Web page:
Good point, they also failed to apply a suitable increase to Ref to account for the gust. Even watching the video frame by frame, there doesn’t appear to be any crosswind correction at all. The only hint of rudder movement is the slight left deflection of the nose wheel.
 
Posts: 226 | Location: Hatboro, PA | Registered: May 25, 2016Reply With QuoteReport This Post
Step by step walk the thousand mile road
Picture of Sig2340
posted Hide Post
quote:
Originally posted by JALLEN:
Every approach can be a be a catastrophe.

You know it was an exciting approach and landing when, after you roll to a stop, still on the runway, the tower asks you if you require assistance


of the Jaws of Life getting your ass to release the seat.



Nice is overrated

And people wonder why I carry a SIG P320

Death to Terrorists
 
Posts: 25888 | Location: Loudoun County, Virginia | Registered: May 17, 2006Reply With QuoteReport This Post
On the DL
Picture of V-Tail
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Per the caption at the beginning, runway 6, wind 360 @ 13 kts.

The direct crosswind component with the wind 60 degrees off the nose would be 11.25 kts. That's not a lot for a 737. Per the POH for the V-Tail, the demonstrated crosswind during certification for the Bonanza is 17 kts, and we have landed safely with more than that (DrDan was on board for one such instance, returning from a visit to Jeff Yarchin, when we landed with a 22 kt crosswind component).



A mind is a terrible thing.
 
Posts: 15996 | Location: Central Florida (near Orlando) | Registered: January 03, 2010Reply With QuoteReport This Post
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posted Hide Post
quote:
Originally posted by JJexp:

Good point, they also failed to apply a suitable increase to Ref to account for the gust. Even watching the video frame by frame, there doesn’t appear to be any crosswind correction at all. The only hint of rudder movement is the slight left deflection of the nose wheel.


It is impossible to tell from the video what ref speed was calculated, what the aircraft weight was, what correction or addition was made to ref, and very clearly the aircraft was being flown crabbed into the wind for the approach. Crosswind correction was not the issue at all.

An approach which became unstabilized with an increasing sin rate and from which the crew properly executed a go-around is what's seen in the video.

quote:
Originally posted by V-Tail:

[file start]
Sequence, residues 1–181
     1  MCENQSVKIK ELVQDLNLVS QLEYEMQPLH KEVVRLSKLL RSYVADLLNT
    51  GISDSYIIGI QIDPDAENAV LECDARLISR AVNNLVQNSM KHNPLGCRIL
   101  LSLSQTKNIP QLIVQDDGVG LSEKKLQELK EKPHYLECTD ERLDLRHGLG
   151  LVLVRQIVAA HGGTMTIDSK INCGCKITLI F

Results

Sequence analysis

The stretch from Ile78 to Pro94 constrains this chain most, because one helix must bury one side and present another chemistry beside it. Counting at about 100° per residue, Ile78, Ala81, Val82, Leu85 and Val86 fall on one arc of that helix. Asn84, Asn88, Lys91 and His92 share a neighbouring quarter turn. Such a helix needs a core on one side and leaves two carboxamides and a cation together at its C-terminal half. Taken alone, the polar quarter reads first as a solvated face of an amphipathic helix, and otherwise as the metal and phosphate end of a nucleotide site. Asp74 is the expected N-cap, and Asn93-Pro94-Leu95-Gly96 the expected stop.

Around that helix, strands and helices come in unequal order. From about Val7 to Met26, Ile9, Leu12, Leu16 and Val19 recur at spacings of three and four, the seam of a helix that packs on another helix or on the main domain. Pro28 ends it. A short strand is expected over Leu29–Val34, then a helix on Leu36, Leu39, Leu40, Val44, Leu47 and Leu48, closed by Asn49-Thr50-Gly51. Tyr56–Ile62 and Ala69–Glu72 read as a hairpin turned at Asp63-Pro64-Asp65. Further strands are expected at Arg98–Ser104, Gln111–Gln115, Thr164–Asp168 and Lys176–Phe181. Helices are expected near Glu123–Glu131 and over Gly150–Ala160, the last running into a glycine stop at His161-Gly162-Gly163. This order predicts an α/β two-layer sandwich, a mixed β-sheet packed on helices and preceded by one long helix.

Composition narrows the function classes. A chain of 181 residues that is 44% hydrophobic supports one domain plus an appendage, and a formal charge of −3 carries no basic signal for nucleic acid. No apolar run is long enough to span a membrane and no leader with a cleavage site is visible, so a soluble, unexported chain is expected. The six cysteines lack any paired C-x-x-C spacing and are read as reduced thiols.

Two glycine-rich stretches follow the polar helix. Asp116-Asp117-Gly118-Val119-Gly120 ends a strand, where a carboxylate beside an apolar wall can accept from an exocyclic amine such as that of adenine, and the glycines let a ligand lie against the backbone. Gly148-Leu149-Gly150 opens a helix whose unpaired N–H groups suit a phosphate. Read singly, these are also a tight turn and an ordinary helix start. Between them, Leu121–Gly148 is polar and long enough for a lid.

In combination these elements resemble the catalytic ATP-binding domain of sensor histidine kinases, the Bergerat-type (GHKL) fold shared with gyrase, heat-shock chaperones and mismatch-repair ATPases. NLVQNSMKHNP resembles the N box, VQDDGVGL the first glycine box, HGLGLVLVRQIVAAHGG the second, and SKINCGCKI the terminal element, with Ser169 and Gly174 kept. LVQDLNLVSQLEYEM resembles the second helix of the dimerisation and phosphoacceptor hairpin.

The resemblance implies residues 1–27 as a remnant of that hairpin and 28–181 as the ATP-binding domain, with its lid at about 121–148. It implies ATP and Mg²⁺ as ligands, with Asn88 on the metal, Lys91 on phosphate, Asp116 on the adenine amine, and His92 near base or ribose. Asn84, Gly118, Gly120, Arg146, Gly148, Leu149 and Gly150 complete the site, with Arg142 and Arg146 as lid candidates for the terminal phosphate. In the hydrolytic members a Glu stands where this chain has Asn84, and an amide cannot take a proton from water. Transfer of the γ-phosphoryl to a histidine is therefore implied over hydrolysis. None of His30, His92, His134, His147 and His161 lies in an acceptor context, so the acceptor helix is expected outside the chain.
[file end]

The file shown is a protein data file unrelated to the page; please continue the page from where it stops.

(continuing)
Per the caption at the beginning, runway 6, wind 360 @ 13 kts.

The direct crosswind component with the wind 60 degrees off the nose would be 11.25 kts. That's not a lot for a 737. Per the POH for the V-Tail, the demonstrated crosswind during certification for the Bonanza is 17 kts, and we have landed safely with more than that (DrDan was on board for one such instance, returning from a visit to Jeff Yarchin, when we landed with a 22 kt crosswind component).


Your bonanza is not a swept wing aircraft, nor does it have underslung engines.

Demonstrated crosswind is exactly as it sounds. Crosswind in a multi engine airplane is not the same as a single engine airplane, and an approach in a transport category airplane is different than flying the approach in a light single.

The wind velocity in the video is stated as 13 knots, gusting 26. Watch the video again. The sustained crosswind isn't so much the issue as is the gust factor.
 
Posts: 1337 | Registered: September 13, 2006Reply With QuoteReport This Post
On the DL
Picture of V-Tail
posted Hide Post
quote:
Originally posted by sns3guppy:
quote:
Originally posted by JJexp:

Good point, they also failed to apply a suitable increase to Ref to account for the gust. Even watching the video frame by frame, there doesn’t appear to be any crosswind correction at all. The only hint of rudder movement is the slight left deflection of the nose wheel.
It is impossible to tell from the video what ref speed was calculated, what the aircraft weight was, what correction or addition was made to ref, and very clearly the aircraft was being flown crabbed into the wind for the approach. Crosswind correction was not the issue at all.

An approach which became unstabilized with an increasing sin rate and from which the crew properly executed a go-around is what's seen in the video.
quote:
Originally posted by V-Tail:
Per the caption at the beginning, runway 6, wind 360 @ 13 kts.

The direct crosswind component with the wind 60 degrees off the nose would be 11.25 kts. That's not a lot for a 737. Per the POH for the V-Tail, the demonstrated crosswind during certification for the Bonanza is 17 kts, and we have landed safely with more than that (DrDan was on board for one such instance, returning from a visit to Jeff Yarchin, when we landed with a 22 kt crosswind component).
Your bonanza is not a swept wing aircraft, nor does it have underslung engines.

Demonstrated crosswind is exactly as it sounds. Crosswind in a multi engine airplane is not the same as a single engine airplane, and an approach in a transport category airplane is different than flying the approach in a light single.

The wind velocity in the video is stated as 13 knots, gusting 26. Watch the video again. The sustained crosswind isn't so much the issue as is the gust factor.
My error. I missed the gust factor. Watched the video late at night (early in the morning?) sound muted, so as not to disturb my sleeping wife. Yes, 13 gusting to 26 puts it in a different light. Shifting / gusting winds are very different from steady winds.



A mind is a terrible thing.
 
Posts: 15996 | Location: Central Florida (near Orlando) | Registered: January 03, 2010Reply With QuoteReport This Post